Instead of going for easily within reach full UN membership, Abbas prefers settling for less. Why he'll have to explain.
Others say it reflects his longtime collaboration with Israel. Doing so betrays his own people. Why they tolerate him, they'll have to explain.
If he follows through as planned, he'll get what he asks for. He'll upgrade Palestine from observer to non-member status. It's like being club member with most rights but not all. Non-member states can't vote.
Full de jure status requires following simple procedures that work. Abbas categorically refuses. Who knows if he even follow through on his lesser pledge.
He breaks many more promises than he keeps. He cares more about his own status than Palestine's. That's how collaborationists govern. Trust and honor aren't in their vocabulary. Betrayal defines it.
Whatever Abbas does or doesn't do, Israel's position is clear. It won't tolerate Palestinian self-determination. It's going all-out to subvert UN upgrade status.
In June 2011, Netanyahu reaffirmed Israel's opposition. Pursuing it will hinder the peace process, he said. Unstated was his contempt for peace and unwillingness to tolerate it.
Nonetheless, he said:
"First, it would violate the agreements between the Palestinians and Israel but it would also harden the Palestinian position because if the UN General Assembly adopts the Palestinian positions in advance of negotiations why should they negotiate?"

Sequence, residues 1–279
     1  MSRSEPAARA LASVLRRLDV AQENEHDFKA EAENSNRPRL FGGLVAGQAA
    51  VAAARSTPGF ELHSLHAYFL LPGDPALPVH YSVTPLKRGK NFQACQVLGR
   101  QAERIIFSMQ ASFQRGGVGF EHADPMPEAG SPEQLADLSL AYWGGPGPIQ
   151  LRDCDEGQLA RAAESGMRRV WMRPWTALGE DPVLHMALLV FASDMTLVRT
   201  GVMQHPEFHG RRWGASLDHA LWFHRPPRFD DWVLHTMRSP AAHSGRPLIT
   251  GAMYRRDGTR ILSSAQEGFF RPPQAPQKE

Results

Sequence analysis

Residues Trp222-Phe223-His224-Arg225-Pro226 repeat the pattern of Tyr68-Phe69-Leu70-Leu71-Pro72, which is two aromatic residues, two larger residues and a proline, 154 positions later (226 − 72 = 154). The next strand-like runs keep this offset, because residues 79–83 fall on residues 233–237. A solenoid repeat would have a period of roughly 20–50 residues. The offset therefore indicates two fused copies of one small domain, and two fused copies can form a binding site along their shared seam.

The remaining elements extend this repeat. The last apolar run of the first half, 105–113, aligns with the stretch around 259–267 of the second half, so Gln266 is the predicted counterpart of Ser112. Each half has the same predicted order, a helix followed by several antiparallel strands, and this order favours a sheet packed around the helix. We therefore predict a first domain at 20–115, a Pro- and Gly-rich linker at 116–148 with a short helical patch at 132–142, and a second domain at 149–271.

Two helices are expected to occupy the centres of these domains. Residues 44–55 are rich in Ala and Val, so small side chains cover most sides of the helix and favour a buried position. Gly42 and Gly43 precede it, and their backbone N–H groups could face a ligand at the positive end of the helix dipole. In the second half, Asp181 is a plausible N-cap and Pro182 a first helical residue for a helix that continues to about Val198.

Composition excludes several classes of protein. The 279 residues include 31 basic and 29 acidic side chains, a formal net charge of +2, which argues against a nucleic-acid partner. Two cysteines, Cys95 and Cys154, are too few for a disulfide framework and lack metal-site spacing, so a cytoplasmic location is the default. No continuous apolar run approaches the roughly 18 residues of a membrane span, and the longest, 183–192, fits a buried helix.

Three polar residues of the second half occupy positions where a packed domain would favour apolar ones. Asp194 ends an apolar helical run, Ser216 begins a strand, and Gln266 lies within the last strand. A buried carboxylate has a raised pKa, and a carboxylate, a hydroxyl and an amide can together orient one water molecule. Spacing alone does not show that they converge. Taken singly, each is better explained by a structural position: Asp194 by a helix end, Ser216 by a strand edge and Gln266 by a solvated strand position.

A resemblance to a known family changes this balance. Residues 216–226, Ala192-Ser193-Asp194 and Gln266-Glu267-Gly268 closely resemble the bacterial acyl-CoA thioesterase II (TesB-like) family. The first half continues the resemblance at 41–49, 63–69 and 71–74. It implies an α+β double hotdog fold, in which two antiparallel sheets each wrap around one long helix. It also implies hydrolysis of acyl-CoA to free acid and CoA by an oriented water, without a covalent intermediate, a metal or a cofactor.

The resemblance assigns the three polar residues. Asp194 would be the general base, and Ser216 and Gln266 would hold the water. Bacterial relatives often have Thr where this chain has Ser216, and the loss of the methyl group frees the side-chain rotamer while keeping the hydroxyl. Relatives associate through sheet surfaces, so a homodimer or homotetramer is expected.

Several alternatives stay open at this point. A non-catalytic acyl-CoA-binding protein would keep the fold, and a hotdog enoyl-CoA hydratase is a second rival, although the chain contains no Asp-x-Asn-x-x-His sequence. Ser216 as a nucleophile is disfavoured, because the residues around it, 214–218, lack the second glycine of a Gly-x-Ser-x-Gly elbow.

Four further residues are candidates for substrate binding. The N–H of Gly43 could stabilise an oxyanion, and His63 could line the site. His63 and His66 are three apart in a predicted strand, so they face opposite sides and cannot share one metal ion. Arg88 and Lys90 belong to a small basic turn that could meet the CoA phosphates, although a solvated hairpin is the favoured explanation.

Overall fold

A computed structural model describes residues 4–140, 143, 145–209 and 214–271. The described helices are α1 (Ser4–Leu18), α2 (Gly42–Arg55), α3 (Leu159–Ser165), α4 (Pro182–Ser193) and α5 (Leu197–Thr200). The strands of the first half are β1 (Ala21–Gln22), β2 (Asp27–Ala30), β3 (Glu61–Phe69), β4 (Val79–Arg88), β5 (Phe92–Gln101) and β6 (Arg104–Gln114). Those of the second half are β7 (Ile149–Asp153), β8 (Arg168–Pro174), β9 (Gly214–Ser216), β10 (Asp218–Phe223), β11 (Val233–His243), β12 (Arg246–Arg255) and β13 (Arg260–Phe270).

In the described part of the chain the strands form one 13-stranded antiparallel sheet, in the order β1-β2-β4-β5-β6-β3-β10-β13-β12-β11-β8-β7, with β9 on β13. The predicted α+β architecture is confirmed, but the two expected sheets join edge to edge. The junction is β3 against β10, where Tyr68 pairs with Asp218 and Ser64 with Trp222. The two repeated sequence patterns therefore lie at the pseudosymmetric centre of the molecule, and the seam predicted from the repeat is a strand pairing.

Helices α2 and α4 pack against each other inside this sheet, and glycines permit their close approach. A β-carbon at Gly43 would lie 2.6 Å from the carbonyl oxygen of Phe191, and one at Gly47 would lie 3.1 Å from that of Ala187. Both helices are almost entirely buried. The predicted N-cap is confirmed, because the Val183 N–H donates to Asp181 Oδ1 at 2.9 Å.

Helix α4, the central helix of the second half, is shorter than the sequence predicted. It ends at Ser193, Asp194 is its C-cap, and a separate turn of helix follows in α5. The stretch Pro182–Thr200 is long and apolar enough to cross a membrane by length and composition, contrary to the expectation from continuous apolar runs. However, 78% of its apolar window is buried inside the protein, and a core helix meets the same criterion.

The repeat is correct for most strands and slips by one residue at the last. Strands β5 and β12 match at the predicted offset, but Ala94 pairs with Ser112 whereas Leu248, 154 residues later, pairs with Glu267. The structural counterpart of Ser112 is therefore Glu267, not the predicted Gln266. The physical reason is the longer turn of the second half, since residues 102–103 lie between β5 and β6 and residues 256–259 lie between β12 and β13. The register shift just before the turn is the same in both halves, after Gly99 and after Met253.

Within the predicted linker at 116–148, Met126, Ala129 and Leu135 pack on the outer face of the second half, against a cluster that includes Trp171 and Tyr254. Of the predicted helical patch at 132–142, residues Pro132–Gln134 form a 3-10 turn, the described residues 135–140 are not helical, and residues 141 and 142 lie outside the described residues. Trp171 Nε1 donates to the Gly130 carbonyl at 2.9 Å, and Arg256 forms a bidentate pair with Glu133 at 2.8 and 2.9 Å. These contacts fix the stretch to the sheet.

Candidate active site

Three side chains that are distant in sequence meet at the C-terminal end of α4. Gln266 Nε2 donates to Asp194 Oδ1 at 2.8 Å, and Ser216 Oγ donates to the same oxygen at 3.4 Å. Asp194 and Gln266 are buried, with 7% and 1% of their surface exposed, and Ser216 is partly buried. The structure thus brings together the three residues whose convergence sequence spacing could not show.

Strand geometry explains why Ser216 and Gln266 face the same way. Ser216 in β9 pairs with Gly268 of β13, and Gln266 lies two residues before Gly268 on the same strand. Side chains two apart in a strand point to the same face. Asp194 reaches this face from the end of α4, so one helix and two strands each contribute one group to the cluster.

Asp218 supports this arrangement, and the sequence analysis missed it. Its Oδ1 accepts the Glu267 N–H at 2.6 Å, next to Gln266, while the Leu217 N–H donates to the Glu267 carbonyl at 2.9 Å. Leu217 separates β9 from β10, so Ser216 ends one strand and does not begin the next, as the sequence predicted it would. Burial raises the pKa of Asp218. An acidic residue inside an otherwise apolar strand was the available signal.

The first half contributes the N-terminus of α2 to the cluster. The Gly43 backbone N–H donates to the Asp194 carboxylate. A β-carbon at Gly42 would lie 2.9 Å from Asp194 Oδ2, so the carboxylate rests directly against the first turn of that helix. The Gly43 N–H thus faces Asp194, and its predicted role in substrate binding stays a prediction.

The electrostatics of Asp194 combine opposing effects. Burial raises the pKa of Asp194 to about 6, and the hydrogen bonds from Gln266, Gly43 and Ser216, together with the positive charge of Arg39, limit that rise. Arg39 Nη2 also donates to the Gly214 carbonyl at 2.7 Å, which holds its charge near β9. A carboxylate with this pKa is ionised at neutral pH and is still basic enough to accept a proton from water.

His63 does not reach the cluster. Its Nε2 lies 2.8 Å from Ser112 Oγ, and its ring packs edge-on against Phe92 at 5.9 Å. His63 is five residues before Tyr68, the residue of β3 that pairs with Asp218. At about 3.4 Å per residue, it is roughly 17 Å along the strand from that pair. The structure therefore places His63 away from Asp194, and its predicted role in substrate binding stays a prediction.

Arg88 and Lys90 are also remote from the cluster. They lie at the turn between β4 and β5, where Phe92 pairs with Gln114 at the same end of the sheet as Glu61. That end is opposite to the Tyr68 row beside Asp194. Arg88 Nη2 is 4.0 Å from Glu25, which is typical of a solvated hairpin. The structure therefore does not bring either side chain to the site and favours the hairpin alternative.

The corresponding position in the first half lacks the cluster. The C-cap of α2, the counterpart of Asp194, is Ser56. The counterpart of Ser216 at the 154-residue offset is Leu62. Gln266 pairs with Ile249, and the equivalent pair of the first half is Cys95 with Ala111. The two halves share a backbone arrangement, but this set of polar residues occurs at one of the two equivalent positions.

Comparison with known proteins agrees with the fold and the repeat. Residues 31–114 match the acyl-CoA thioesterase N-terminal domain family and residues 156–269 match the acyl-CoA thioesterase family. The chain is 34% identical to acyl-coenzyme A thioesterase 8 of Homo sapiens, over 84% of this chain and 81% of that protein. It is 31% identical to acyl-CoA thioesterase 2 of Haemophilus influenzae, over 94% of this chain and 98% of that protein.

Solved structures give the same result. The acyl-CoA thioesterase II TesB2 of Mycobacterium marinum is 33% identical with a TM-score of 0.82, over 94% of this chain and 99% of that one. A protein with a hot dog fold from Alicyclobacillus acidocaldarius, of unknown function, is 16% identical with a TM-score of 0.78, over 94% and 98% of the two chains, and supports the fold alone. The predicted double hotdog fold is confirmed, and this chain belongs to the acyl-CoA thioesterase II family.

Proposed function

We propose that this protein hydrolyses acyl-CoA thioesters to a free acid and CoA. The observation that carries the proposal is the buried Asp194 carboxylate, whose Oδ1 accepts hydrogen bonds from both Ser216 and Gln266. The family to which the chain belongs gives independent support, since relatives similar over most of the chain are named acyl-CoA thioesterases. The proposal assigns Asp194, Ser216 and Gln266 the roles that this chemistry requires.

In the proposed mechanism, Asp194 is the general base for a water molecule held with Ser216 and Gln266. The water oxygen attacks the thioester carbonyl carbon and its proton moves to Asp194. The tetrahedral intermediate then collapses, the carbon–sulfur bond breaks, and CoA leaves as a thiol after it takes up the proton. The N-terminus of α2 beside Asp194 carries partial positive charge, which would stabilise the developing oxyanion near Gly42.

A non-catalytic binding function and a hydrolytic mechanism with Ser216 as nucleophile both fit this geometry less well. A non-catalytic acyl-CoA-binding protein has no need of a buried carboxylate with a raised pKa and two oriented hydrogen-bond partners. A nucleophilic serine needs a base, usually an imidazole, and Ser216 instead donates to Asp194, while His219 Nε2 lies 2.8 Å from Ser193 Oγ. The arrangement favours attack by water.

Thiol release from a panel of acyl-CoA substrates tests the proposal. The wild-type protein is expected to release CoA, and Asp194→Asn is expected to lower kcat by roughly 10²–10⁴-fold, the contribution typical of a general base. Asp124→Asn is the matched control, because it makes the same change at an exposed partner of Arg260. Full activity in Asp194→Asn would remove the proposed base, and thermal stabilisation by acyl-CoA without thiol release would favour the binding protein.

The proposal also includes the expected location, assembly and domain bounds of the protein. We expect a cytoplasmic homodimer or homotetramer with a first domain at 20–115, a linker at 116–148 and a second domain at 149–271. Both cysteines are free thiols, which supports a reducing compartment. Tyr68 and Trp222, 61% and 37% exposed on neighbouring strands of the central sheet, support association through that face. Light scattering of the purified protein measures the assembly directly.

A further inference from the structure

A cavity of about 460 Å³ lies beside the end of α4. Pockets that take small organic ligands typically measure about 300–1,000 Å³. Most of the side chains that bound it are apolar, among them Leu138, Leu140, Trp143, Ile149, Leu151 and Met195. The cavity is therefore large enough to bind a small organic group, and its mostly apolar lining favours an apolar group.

"So such a resolution is backed by an overwhelming majority including the leading countries of the world, that could actually push peace back by hardening Palestinian positions, by pushing negotiations further away."
"Peace will only come from negotiations. It will be a negotiated peace. It cannot be imposed from the outside, not by any power and certainly not by one-sided UN resolutions."
On October 19, Haaretz headlined "Palestinian push for UN status upgrade likely to succeed, says GA president,."
GA president Vuk Jeremic sees Palestine easily gaining upgrade status. A simple majority is needed. Up to 170 of the UN's 193 states may vote yes.
He warned Washington against cutting UN funding if it's gotten. He added that it's not in America's best interest to do so. Perhaps he knows less about US governance than he thinks.